U.S. cuts refugee admittance

President Trump has lowered the number of refugees allowed into the United States to thirty thousand a year.

Posted: Sep 21, 2018 6:12 PM

President Trump has lowered the number of refugees allowed into the United States to 30,000 a year. That’s a pretty low number compared to the roughly 30 million seeking refuge. Some of those refugees became American citizens today. Oneida County Clerk Sandy Deperno talked about what some had to go through to get here.

"Some of you have come to this country to escape war torn countries, for your personal safety, and the safety of your family."

You might have even caught a political stance in a carefully thought out statement from our own Supreme Court Judge Bernadette T. Clark.

"I’m so proud to be a part of a community that builds bridges and not obstacles in welcoming our new citizens."

Lenny Guner is a Siberian Native who’s been in the Utica for years, and can’t understand why the US isn’t accepting more refugees.

"I’ve seen more immigrants here than down in the city, and I’m originally from Brookland, but over here they just accept everybody and everybody accepts everybody else so. It’s a good community and it’s a good place to live."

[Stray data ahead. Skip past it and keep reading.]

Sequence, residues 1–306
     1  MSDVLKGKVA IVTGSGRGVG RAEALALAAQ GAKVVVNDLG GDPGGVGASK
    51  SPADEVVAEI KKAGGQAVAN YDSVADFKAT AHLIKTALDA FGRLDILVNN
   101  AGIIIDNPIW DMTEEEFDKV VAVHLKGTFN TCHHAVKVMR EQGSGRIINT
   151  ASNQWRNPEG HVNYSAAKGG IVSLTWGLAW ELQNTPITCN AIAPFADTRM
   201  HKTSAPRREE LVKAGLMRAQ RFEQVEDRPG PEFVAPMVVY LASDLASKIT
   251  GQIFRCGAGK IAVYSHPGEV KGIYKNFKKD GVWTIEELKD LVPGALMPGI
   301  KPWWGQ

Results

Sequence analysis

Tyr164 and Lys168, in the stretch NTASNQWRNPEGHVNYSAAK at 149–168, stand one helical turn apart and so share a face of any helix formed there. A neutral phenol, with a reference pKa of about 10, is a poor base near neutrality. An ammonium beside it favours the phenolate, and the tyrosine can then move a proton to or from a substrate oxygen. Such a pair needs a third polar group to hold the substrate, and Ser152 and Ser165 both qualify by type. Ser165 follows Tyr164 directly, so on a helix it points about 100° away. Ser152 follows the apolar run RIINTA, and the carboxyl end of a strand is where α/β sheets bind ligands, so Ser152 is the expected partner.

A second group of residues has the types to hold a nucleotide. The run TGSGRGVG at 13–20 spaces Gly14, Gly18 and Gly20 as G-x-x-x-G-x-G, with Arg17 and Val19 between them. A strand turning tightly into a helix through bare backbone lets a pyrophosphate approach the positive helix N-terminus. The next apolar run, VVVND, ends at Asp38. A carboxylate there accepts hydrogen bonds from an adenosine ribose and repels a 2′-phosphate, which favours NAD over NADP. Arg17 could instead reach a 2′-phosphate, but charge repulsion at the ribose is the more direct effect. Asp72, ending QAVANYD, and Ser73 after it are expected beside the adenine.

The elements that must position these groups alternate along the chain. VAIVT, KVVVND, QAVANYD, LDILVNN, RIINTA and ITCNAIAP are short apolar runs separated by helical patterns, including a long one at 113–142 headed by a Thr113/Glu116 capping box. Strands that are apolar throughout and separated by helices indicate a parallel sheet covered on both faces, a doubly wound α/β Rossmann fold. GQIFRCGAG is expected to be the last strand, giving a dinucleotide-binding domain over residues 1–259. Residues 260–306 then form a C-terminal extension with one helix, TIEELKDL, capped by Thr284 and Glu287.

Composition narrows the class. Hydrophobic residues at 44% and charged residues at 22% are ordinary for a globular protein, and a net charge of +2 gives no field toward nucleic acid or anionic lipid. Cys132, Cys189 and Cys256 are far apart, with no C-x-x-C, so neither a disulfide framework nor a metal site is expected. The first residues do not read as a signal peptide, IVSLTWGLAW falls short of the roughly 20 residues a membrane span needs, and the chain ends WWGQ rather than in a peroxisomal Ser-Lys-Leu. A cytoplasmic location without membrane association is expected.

While others like Thailand Native Hla Thei are just grateful they’re not stuck in refugee camps.

"I guess I am the luckiest one. I’m glad that I’m in here and becoming a U.S. citizen."

While the number of refugees coming into our area will surly have an effect at the Refugee Center, the bigger impact is likely going to be felt in the business community. Shelly Callahan is the Executive Director Mohawk Valley Resource Center for Refugees.

"Obviously it’s going to have an economic impact locally. You know there’s landlords that rent to us, you know a lot of the shops and markets, you know there’s just not as many people coming. Right now there’s an enormous workforce shortage across upstate. We have an employment department that puts between 300-400 refugees and immigrants into jobs every year."

Aside from the economic impact, Sandy Deperno believes it hurts the American image.

"I don’t agree with his policy. This country was made on refugees, and Utica is one of the refugee hubs, and they’ve helped revitalize this city. I think it’s a disservice."

For now only time will tell how much the cut in refugees will affect the local area.

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